Terrence Hines, a 2003 graduate who created Invision Sports Network, which shows footage from prep sports games on the Internet, got his start in the business with a company he founded as a Hinman student. The first company developed websites with short video clips and statistics for athletes who wanted to showcase their abilities.

Hines says the Hinman program taught him invaluable lessons that spared him a lot of trial-and-error. From writing a business plan to raising venture capital, "We had actual seasoned entrepreneurs come in to talk to us about a lot of these issues, so instead of fumbling around, we were able to get advice from people who had actually done it and knew how to do it."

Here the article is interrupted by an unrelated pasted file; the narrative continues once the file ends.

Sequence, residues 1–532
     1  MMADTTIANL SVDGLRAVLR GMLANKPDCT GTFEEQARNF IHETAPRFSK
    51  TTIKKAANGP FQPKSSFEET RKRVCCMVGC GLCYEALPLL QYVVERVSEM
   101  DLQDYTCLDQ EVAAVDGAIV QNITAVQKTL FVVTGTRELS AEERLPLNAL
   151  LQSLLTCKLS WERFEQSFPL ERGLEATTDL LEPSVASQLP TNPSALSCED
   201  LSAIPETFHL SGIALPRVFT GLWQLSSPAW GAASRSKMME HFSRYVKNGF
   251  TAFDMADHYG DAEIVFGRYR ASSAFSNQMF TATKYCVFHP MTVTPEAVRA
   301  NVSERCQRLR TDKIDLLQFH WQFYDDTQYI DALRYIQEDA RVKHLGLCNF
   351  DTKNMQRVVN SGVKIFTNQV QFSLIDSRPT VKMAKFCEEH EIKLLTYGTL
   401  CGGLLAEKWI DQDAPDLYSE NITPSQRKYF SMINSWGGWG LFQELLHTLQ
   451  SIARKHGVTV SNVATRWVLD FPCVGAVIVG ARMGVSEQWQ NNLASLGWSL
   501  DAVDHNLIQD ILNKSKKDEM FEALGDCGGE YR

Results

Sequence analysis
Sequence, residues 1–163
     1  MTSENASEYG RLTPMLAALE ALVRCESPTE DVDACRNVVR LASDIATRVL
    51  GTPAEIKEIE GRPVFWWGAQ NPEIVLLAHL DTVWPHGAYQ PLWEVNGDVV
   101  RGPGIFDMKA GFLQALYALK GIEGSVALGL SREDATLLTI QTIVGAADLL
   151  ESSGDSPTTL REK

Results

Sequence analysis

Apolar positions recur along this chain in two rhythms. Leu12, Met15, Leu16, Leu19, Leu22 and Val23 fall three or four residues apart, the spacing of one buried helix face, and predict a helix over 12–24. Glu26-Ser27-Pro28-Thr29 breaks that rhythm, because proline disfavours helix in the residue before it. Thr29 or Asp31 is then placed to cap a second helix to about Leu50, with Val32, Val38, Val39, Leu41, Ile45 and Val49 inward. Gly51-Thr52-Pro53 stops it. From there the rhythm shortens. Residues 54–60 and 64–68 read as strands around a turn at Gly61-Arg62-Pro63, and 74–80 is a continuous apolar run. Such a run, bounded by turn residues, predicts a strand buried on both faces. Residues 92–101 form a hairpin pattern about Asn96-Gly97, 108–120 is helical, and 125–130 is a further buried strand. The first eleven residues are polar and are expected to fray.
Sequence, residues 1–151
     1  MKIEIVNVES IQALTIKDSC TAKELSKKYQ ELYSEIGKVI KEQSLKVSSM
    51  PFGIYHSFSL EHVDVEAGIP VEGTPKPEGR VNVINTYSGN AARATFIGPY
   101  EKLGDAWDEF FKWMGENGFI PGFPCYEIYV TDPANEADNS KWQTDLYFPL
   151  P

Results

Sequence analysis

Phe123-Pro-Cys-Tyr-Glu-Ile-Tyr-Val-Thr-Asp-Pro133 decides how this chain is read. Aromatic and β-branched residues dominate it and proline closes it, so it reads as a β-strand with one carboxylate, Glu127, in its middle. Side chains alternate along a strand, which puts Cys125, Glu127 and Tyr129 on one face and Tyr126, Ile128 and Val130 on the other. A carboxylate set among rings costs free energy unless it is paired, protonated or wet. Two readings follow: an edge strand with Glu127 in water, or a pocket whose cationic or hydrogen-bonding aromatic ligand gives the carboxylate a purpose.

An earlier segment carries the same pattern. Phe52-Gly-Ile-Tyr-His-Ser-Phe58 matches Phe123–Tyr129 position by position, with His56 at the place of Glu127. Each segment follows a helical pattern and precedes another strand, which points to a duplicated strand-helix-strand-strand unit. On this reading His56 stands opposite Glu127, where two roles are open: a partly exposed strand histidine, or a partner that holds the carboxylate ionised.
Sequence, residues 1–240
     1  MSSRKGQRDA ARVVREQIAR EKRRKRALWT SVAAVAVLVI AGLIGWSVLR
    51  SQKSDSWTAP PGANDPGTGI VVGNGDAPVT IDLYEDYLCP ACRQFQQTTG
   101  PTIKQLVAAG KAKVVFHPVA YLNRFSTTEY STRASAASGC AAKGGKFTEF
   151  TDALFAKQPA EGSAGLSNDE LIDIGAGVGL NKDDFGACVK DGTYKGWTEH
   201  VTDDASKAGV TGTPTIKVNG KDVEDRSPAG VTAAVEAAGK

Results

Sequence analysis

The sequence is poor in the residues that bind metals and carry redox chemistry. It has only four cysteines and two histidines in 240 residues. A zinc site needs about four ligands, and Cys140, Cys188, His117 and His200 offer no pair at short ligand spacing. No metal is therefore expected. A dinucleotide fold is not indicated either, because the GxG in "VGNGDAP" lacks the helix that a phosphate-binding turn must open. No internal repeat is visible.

For Blake Robertson, a senior computer engineering major, the Hinman program helped dispel some myths. Robertson, who began his career as a child inventor when he and a friend built a self-service lemonade stand, works closely with other Hinman companies, including AlertUs Technologies, developer of a wireless early warning system.

Before joining Hinman, Robertson says, "I used to sort of feel like business people were unnecessary. That sort of view is inbred in engineers. It's just a common view. But here, it's been a story of the business student meeting the motivated engineering student."

And with that, a realization: "Engineers can't get anywhere without businesses."